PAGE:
The road ahead was easier, as Kanaka then found a willing mentor in Dr. B. Ramamurthi for MS (neurosurgery).14 He devotedly taught Kanaka, gave her autonomy, and helped her flourish. Completing neurosurgical training under him in 1968, she then pursued a PhD in stereotactic neurosurgery. She finished her thesis on the surgical management of cerebral palsy in 1972 at the age of 40 years.2 The same year saw the start of the Madras Institute of Neurology (MIN), a center of excellence in neurosciences.1 Joining MIN as a consultant, Kanaka found the atmosphere to excel both inside and outside of the operating room, working with progressive-minded and academically productive colleagues. Together, they carried out the first surgeries in India for epilepsy, behavioral and psychiatric disorders, tremors, and spasticity, leading to Madras becoming the birthplace and the leader of functional neurosurgery in India.15–17

Early in her life, she had decided to not marry, choosing to devote her time solely to patient care, research, and training.16 Postresidency, she was well renowned to almost live in the hospital throughout her career.14 She refused to join private practice despite several lucrative offers, even from overseas, and continued services at MIN at a meager salary.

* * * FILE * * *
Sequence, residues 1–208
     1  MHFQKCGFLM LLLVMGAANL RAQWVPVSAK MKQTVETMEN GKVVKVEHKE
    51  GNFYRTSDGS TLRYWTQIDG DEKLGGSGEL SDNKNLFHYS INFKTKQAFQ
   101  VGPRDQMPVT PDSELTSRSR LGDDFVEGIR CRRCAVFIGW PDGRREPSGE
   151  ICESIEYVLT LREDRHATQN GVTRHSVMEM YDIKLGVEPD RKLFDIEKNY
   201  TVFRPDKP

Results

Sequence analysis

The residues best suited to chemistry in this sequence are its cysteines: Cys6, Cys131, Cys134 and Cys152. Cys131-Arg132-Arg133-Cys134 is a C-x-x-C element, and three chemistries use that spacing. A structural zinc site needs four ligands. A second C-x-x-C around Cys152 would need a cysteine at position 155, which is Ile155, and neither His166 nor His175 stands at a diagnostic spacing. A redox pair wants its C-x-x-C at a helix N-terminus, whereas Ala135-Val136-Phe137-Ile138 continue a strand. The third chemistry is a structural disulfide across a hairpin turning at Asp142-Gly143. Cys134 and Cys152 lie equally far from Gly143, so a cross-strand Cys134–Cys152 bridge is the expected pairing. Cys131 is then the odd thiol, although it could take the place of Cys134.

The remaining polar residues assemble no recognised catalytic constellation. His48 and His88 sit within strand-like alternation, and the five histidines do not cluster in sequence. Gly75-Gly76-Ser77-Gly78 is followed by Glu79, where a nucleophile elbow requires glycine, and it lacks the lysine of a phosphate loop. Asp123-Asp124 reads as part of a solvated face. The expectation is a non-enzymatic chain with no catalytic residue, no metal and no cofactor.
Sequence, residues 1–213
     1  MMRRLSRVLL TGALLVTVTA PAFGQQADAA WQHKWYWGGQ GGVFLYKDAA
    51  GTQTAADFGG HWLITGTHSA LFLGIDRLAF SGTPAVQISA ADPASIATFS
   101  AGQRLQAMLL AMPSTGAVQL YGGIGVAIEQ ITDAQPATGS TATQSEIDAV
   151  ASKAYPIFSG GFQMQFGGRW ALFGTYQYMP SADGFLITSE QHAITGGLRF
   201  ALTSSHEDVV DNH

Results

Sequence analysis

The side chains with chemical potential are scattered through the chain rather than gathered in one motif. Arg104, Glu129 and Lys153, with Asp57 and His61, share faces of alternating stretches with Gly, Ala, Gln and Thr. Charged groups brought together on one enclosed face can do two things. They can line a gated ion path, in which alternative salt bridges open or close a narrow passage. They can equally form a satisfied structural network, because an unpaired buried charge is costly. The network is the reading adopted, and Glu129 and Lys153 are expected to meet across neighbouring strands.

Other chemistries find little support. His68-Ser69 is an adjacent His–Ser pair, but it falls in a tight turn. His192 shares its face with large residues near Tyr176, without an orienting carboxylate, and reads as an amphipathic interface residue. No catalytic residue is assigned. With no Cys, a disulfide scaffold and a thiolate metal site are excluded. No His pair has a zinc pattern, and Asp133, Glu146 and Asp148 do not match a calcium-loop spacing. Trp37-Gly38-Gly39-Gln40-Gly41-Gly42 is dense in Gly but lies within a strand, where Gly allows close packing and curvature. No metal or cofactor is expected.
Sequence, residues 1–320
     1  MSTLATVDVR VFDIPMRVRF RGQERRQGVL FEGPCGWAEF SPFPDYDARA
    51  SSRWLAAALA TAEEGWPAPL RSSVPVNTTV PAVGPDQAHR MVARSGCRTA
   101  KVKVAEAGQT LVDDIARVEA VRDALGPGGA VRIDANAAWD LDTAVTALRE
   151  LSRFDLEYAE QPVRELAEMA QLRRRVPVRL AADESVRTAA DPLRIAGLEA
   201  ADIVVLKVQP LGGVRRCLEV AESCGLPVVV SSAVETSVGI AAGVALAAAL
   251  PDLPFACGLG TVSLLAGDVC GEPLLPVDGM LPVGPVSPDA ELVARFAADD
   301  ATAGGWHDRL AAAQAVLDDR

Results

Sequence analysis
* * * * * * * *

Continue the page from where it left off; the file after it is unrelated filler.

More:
Her pioneering research works described management of cerebral palsy, combined ablative lesions for spasticity, hypothalamotomy for juvenile aggression, bilateral cingulumotomy for drug addiction, limbic lesioning for epilepsy, electrophysiological studies during sedative neurosurgery, cerebellar stimulation for spasticity, and more.13,14,17 She was the first in India to perform chronic electrode implantation for deep brain stimulation (DBS) and worked on developing low-cost DBS systems for decades.16,17 She earned several awards and guest lecture invitations from numerous organizations worldwide, including the Walter Dandy Neurosurgical Society.14 Under her guidance, the Asian Women’s Neurosurgical Association and the WINSI (Women in Neurosurgery in India) forum were established.14

Kanaka retired from MIN in 1990. She used her life savings to establish the Sri Santhanakrishna Padmavathy Health Care and Research Foundation, a center where she provided free consultation for common medical problems and free laboratory investigations for the elderly and the poor.14,16 She passed away at the age of 86 in 2018, having continued her nonprofit work until her last days.14 It is the selfless dedication of T. S. Kanaka toward her patients and her trainees that made her legacy everlasting.

Disclosures The authors report no conflict of interest concerning the materials or methods used in this study or the findings specified in this paper.

Correspondence Vivek Bhat: email.vivekbhat@gmail.com.

Carole A. Miller, MD